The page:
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Nurturing Your Marriage as Parents
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Nurturing Your Marriage as Parents

The United States Bishops recognize February 7-14, 2017 as National Marriage Week. For more information on that, click here. 

In recognition of this worthy focus on marriage, I am posting the following excerpt from my book, A Catholic Parent's Tool Box (Our Sunday Visitor, 2014):

Many couples, as they begin to have children, transition away from time as a couple to time as a family. The pressing demands of parenthood – the busiest job you’ll ever love – push “together time” between husbands and wives to the back burner. Many parents of young children feel guilty about spending time away from the kids – or even wanting to. And the increased mobility of today’s families often means that grandparents and other family members are farther away, making it a challenge for many parents to find reliable childcare.
Still, research tells us that the best parents are those who take time to nurture the marital relationship, even if it sometimes means occasionally sacrificing time with the kids. This makes sense for three reasons. First, you are your child’s example of how to have a healthy adult relationship. Kids learn by example, so if one of your dreams for your children is to find that special someone and live “happily ever after,” show them how it’s done. Second, children feel more secure when they know their parents’ relationship is solid. The day to day struggles of marriage and family mean that we will always have some conflicts, but kids get can get confused about how serious these are, and often have fears (even unspoken ones) that mom and dad may get divorced because they are arguing. More positive time together for husbands and wives is reassuring to them (and to you) that you still love each other no matter what. Third, parents who aren’t generally in close communication with one another find it much harder to set consistent limits for their children. Kids often learn to exploit this and can sometimes pit one parent against the other in an effort to get something they want. (It sounds a little devious, but almost all kids try it at one time or another. Perhaps you remember doing this yourself!) Parents will find that child discipline is a lot easier when they present a “united front,” working together to give the children what they need even when it means denying what they want.

So how do we do this in a world of real-life family demands? Here are a few tips:

1. Ask each other out on dates. Don’t find time, make time. Perhaps you could get together with another couple who have young children and agree to watch their kids so they can go out if they will do the same for you. Go somewhere you wouldn’t go with the kids – a romantic restaurant, a movie, or perhaps you may even wish to stay at home and have a quiet dinner and a little romance while the kids are out!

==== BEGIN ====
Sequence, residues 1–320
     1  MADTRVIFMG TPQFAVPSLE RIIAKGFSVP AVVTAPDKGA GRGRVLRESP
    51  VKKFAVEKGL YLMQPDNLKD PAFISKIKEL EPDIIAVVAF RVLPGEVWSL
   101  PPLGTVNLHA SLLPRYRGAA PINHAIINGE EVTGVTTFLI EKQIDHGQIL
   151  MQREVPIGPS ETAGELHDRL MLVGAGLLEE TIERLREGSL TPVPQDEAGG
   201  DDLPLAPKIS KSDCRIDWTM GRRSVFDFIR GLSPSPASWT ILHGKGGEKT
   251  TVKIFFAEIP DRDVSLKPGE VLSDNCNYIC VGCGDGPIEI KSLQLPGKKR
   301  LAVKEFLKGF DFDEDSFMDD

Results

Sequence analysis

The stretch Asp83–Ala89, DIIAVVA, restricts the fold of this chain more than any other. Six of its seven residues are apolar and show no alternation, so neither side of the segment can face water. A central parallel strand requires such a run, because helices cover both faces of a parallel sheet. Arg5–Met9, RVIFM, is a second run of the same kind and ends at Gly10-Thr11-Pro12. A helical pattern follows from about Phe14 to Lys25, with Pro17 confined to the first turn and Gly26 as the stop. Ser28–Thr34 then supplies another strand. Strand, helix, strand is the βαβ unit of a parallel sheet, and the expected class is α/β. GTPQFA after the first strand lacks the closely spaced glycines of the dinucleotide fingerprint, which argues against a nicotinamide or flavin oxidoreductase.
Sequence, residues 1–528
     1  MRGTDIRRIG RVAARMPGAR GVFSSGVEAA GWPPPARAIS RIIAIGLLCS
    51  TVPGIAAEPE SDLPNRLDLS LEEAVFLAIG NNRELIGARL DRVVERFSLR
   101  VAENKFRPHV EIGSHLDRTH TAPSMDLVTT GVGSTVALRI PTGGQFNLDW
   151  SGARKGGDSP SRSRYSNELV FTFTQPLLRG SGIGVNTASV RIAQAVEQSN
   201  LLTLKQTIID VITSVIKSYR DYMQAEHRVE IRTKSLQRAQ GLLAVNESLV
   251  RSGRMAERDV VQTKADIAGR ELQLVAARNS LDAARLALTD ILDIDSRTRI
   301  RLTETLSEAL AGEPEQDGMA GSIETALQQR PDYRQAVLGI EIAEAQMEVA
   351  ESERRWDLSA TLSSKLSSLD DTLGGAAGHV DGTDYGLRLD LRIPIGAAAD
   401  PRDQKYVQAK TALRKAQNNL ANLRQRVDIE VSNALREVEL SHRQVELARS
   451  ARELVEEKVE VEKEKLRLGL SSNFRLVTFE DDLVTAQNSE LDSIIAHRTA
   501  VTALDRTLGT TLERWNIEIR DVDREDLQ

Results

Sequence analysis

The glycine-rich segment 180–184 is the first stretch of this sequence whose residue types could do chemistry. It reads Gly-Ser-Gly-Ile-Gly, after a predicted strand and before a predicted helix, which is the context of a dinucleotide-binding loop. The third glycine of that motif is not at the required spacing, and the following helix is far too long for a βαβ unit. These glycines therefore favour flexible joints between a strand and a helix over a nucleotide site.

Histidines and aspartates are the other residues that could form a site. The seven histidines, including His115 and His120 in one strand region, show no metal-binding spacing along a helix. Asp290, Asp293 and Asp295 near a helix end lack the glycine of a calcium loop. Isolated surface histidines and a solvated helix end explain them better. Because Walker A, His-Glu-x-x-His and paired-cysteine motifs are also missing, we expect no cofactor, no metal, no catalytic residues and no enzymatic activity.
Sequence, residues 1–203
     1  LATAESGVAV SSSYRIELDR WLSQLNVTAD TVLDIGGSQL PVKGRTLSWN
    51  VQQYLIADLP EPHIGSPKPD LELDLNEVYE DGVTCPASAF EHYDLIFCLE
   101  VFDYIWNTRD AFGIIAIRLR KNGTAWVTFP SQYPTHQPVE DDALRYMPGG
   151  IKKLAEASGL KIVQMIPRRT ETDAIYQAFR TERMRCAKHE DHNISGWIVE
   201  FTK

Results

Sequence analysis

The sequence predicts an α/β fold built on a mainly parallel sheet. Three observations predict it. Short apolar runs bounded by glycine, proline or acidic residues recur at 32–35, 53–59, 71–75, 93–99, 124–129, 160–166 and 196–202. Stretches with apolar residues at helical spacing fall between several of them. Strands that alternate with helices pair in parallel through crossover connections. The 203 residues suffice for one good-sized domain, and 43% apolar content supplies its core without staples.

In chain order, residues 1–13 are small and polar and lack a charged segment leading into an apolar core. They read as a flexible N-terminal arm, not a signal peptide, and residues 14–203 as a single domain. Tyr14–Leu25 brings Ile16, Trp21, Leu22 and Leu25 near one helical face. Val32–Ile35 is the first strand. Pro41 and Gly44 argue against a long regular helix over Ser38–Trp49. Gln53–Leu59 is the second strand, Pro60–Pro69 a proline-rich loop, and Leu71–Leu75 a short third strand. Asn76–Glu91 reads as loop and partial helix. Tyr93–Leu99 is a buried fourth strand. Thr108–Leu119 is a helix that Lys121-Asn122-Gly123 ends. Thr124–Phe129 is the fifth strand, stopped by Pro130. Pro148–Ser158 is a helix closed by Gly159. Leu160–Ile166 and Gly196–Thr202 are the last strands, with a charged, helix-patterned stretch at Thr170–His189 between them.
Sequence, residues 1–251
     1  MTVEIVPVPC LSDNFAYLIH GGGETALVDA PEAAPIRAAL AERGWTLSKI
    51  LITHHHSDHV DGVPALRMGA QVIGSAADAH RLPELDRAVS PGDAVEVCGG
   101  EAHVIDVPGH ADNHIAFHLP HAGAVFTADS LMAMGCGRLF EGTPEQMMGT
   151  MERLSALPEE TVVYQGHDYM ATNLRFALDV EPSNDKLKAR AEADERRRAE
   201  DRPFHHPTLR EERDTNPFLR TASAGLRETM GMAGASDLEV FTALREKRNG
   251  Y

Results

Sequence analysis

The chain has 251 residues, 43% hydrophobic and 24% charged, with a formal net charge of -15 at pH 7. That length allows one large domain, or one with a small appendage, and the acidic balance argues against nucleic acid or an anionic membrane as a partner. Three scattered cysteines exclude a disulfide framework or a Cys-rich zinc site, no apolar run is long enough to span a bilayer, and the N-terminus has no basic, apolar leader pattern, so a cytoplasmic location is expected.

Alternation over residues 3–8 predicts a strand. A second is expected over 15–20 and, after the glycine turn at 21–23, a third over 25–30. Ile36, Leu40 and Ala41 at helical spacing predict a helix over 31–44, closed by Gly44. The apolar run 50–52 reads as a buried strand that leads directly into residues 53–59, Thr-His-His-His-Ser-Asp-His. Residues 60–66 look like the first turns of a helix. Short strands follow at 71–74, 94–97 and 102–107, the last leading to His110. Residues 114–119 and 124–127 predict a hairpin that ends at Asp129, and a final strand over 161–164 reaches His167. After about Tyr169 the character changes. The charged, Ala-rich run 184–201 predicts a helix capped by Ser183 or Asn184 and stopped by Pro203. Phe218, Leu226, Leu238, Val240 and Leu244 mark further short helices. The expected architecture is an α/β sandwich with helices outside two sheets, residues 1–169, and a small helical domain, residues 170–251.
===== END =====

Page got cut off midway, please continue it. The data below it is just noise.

2. Do the unexpected. Surprise your spouse with something he or she really likes. It doesn’t have to be extravagant. (Flowers are the old cliché, but they still work, guys! They’re not that expensive if you deliver them personally.) Perhaps a favorite treat or a love note sent via U.S. Mail to your spouse’s work (or hidden in a briefcase or lunch bag). It can take just a few minutes to brighten up their day and spice up your relationship.

3. Bring back the good old days. Make a compilation of music the two of you listened to when you were dating. Did you have a song that was “your song?” If you are still in the same city, go to a place you used to frequent together. (If not, perhaps a place that reminds you of “back home.”)

4. “Steal” some quick moments together. Make a lunch date while the kids are at school or childcare. Be firm about bedtime, and spend try to spend at least an hour together after the kids go to bed. (Together enjoying one another, not paying bills and folding clothes.) Schedule this for two or more nights per week. Steal a moment or two in the morning while you are getting dressed for the day (Your bathroom door has a lock, right?)

5. Pray together. This is another place where time has to be made, not found. Hold hands and ask God to bless your marriage and your kids. Pray some traditional prayers together. Take turns reading the Psalms to one another. Tap into the Creator of marriage and family, the Source of the grace that strengthens us as husbands, wives, and parents.

6. Be affectionate in front of the kids. OK, don’t overdo it, but giving quick hugs and kisses is nice for you are reassuring to them. Even if they say “yuck,” they’re probably smiling on the inside.

7. Be patient with one another. If you’re not already doing these things, it takes a while to “get into the groove.” One of you may try something romantic when they other is not necessarily in the mood. Be open and patient as you work to get more in sync. Try again and again.

 

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